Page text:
"World food day today", be the food for thought for many, who either “donate” OR ”need organ as donations” --Part--10

Continued from Part--9



AIIMS’ initiatives on "ORGAN RETRIEVAL IN MEDICO LEGAL CASES"   is poignant by its workshop on 23rd March 2003, in which various luminaries from all over India, Clinical Experts from different disciplines of Neurology and Neuro Surgery, Cardiology, CTVS, Delhi Hospitals’ Nodal officers, Supreme Court Lawyers, and Delhi Police officials, representing the Crime Branch took part and marked the occasion. The main purpose of the occasion was to smoother the procedure of organ retrieval and develops its guidelines. Forensic experts from across the country were also contributors to the thought.

What is the exact illustration of organ donation?

The exact illustration of organ donation is a person makes wishes during his or her life time with the pledge that after the death his or her body can be harvested for transplantation(s) for helping those patients who are terminally ill. And get a new lease of life.

Legalities of organ donations:

According to the Transplantation of Human Organ Act 1994, only immediate blood relations such as children, parents, sisters and brothers can donate only a kidney and a few other organs.


Organ donations are two types:-


1) Living related donors: This is possible if the donor fulfills the condition as laid by the act.

2) Cadaver organ donor: This is only possible when the person is either dead or brain dead.


What happens to the living body after donation?

A living donor can maintain the body functions with a single kidney, a part of their liver and half of the pancreas. Among these important organs, liver can regenerate itself after donation, but the kidney and the pancreas will remain unchanged.

Tissues and Organs which can be donated:

The major organs & tissues involve:

Heart, lungs, liver, eyes, heart valves, pancreas, kidneys, skin, bones, connective tissues, bone marrow, blood vessels and middle ear.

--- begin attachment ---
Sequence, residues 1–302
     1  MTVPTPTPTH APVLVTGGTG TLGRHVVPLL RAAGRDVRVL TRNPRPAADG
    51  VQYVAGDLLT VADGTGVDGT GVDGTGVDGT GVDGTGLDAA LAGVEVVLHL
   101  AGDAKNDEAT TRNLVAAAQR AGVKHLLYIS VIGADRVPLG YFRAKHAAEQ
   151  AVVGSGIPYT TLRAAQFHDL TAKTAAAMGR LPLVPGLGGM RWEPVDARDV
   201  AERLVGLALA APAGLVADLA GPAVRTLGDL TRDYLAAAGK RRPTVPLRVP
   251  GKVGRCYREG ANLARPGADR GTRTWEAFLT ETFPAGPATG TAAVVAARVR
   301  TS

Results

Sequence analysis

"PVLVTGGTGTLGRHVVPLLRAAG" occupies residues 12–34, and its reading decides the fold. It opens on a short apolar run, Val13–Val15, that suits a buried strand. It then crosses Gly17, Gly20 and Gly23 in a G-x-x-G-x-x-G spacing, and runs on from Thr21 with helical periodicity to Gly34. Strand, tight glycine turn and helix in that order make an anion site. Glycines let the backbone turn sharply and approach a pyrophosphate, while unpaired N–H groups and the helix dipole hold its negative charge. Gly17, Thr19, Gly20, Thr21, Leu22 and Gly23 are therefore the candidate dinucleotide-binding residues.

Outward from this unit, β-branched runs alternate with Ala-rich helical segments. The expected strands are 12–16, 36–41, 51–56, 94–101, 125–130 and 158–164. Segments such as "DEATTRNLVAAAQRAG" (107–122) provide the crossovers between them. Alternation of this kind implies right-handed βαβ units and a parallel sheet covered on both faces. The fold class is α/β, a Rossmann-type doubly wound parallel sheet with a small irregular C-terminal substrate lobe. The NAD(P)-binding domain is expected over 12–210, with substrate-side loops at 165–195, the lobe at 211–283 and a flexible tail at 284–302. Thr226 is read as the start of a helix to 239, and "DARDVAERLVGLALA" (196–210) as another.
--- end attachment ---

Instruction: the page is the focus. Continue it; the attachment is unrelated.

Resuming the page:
This proves that any donor can give life to many persons, who are terminally ill and least likely to survive without the organ donation.

“Brain dead” defined

A patient is declared brain dead when his or her impaired brain functions are irreversible and permanently ceases to function. In this condition the “dead brain” cannot send any message to any part of the body for performing vital functions like obeying commands, having the sense of anything and breathing. In this condition a person is kept on ventilation or artificial support for making the organs work in a conditional situation. The moment the ventilation is removed all these organs will stop working. This artificial breathing is necessary for harvesting organs, which are to be transplanted to the living patients who are terminally ill and very much require the donated organs.

The harvesting of the organs must be done within the time frame so that the organs can be healthy and fit for transplantation.   Most of the brain dead conditions are caused by brain tumor, head injuries and some other types of ICU cases.

Brain dead patients, who ultimately donate either by already pledged sense or by family members’ permission, live many years even after their mortal death. Had there been no system of harvesting or transplantations, many lives could not be saved due to non-availability of working organs.



Continued to part--11

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